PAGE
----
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What is the difference between scale and cataphyll in botany - aren't these the same type of organ? E.g. do cycad cones have scales or cataphylls? Pine cones have scales, I understand the compound nature of pine cones - does that make them scales? On fern petioles/stipes there are often scale-like organs I've seen called scales (though they are not very scale-like).

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    $\begingroup$ Welcome to Biology.SE! What research have you done before asking it here? $\endgroup$ – another 'Homo sapien' Jun 22 '17 at 10:23
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According to "Plant Identification Terminology: An Illustrated Glossary" (Harris & Harris, 2001):

Scale:

Any thin, flat, scarious structure

  • Note: "Scarious" = Thin, dry, and membranous in texture; not green

Cataphyll:

Brown or colorless scale-like structures believed to be modified leaves

So "scale" is going to be used more broadly, while a "cataphyll" (though scale-like) is more specifically always some type of modified leaf.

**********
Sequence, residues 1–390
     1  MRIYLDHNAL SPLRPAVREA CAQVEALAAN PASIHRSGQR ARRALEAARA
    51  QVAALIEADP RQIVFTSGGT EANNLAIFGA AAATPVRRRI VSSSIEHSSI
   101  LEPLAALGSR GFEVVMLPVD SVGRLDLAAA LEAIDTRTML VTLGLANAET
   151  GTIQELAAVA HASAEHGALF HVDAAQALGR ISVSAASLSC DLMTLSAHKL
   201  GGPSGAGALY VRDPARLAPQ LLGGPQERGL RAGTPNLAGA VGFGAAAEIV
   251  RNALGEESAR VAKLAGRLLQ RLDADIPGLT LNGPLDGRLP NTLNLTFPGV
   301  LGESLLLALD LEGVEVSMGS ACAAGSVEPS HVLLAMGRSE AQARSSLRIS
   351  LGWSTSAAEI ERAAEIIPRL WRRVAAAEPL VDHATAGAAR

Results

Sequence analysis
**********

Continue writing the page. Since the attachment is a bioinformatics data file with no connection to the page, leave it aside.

According to Wikipedia:

Cataphylls include bracts, bracteoles, and bud scales, as well as any small leaves that resemble scales, which are known as scale leaves.

You can find good illustrations of cataphyll examples here.

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  • $\begingroup$ Thanks, I understand cataphylls a bit better. With scales, how does this definition fit in with scales on conifer cones? And do cycad cones have scales or are they just called sporophylls? I see in "Pterophytes and Gymnosperms" (Kramer and Green, 1990) they say cycads have 'scale-like sporophylls'. Why are they scale-like and not just scales? $\endgroup$ – Phillippe Poisson Jun 24 '17 at 0:53

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